Both films use a stripped down minimalist approach which attempted to present the protagonists as real people, without the fawning, worshipful attitudes that marred other versions of the gospel. Even Mel Gibson’s The Passion of the Christ, a film renowned for its realistic approach to the violence and suffering that Jesus was subjected to, couldn’t resist presenting Jesus with such reverence that he is almost stripped of personality. This is of course a difficulty that any filmmaker, especially one who is devout, will face. Rowan Williams, the ex-Archbishop of Canterbury (the head of the Church of England), has admitted that, based on the Bible, it is impossible to understand the true psychology of Christ. This is in part because we are not told of this aspect of Jesus in the Gospels. Instead we are told that he was both God and man at the same time.
How can a mere mortal conceive something like this? It’s too tempting not to try anything with it and instead present Jesus as orthodoxy dictates. This is not meant as a criticism, especially as most people who approach this subject have preexistent notions of the man based on their own faith and, dare I say it, ideology. Pasolini’s Jesus, for example, may have been the closest to the gospels (much of the dialogue was taken ad verbatim from the Bible) but he was also a perfect vessel to challenge the status quo of post war and post fascist Italy. In the words of Roger Ebert, ‘[Pasolini’s Jesus’] words are clearly a radical rebuke of his society, its materialism, and the way it values the rich and powerful over the weak and poor. No one who listens to this Jesus could confuse him for a defender of prosperity, although many of his followers have believed he rewards them with affluence.’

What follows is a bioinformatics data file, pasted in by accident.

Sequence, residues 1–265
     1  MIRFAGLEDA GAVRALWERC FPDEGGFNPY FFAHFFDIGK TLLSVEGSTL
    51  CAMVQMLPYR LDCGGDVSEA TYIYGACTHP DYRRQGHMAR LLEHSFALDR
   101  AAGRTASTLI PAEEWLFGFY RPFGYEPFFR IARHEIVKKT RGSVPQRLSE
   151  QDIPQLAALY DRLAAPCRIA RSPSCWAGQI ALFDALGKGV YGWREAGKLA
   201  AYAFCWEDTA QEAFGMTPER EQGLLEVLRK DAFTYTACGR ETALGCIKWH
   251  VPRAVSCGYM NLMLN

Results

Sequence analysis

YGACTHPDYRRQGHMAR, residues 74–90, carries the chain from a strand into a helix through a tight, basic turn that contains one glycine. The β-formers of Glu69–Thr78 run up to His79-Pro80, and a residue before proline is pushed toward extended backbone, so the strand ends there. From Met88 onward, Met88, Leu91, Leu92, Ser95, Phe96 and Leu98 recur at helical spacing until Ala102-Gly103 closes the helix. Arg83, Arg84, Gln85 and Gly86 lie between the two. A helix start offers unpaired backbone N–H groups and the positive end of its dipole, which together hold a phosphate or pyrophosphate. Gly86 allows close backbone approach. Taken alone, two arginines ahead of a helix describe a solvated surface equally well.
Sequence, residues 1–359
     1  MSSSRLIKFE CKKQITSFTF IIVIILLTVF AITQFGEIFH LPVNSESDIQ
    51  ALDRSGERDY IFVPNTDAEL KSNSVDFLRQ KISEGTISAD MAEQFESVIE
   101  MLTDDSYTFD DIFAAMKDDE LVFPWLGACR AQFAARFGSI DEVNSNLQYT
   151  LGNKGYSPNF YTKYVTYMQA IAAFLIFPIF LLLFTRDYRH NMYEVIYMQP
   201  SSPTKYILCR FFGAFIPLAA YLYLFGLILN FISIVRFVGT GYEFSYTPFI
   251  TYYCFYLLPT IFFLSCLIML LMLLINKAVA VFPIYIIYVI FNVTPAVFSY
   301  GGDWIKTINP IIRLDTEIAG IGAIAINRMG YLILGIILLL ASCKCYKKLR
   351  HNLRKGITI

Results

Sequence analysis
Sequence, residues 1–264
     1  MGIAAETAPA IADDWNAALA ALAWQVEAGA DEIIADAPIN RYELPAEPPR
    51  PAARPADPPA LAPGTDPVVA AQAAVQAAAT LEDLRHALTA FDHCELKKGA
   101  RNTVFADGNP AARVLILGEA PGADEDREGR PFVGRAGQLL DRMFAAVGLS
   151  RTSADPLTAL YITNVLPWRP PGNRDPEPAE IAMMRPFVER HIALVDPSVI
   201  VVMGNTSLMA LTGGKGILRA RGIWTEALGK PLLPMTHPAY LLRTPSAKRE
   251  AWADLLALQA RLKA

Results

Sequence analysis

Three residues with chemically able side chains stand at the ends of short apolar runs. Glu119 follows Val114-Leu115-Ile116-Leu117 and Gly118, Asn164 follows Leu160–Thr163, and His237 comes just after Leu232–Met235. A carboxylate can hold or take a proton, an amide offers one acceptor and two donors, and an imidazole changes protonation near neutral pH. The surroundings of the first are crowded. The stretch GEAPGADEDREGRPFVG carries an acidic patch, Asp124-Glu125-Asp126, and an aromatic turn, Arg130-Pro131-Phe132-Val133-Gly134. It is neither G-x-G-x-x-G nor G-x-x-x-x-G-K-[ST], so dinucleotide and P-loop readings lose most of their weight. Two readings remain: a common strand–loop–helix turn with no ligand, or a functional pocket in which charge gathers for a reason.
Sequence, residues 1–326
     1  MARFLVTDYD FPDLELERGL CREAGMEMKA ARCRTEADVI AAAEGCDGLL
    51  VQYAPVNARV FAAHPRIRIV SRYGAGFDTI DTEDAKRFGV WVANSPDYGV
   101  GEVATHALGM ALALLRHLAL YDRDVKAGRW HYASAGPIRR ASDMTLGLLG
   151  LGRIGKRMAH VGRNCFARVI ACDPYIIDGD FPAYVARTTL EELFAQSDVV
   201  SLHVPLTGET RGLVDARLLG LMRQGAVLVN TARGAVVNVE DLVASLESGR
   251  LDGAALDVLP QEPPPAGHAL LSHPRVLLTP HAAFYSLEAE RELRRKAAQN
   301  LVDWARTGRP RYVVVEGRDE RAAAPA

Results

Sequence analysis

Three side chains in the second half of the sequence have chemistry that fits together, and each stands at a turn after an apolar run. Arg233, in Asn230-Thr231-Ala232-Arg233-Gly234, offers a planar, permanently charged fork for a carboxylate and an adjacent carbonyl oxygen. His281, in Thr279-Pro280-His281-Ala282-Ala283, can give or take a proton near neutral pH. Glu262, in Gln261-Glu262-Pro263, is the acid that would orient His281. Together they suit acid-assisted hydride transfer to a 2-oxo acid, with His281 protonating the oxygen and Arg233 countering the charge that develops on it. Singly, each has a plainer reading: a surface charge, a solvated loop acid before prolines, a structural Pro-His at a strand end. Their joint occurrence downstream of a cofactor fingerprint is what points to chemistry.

Dafoe’s Christ, as written originally by Kazantzakis and interpreted by Schrader and Scorsese, is in no way serene. He is a man conflicted and almost in constant pain – not physical but spiritual and existential. As I alluded to earlier, this is not a biography of Jesus and neither is it a devotion. In fact, although the main character is Jesus, this character is not just the man who inspired the biggest religion in the world and it is something that, in my experience, people had the most difficulty with when watching Last Temptation.
The truth is that here Jesus represents not just the God but also the believer. He is a manifestation of the Christian who has faith but struggles with questions, both internal (for example, how do you reconcile the God of love with the death of loved ones and the difficulty of your own life) and external (standing up for your beliefs in the face of an atheistic and sometimes hostile world). The reason we have difficulty imagining the psychology of a messiah is because we can’t imagine being one ourselves, yet the Christian faith calls for us to try and be perfect, whilst recognising the impossibility of achieving it. As the father exclaims in Mark, Chapter 9, ‘I believe, help my unbelief.’
Scorsese was obviously drawn to this conflict. He has said in numerous interviews, the Jesus in his film is intended to make him more relatable and, in extension, more believable. This is also one of the reasons he decided to forgo the pretense of having authentic accents. He wanted modern audiences to hear the differences and know, almost instinctively, that a particular person was from a different part of the country or the world. It’s this authenticy, completely stripped of pageantry, that Scorsese found so interesting in the Pasolini film.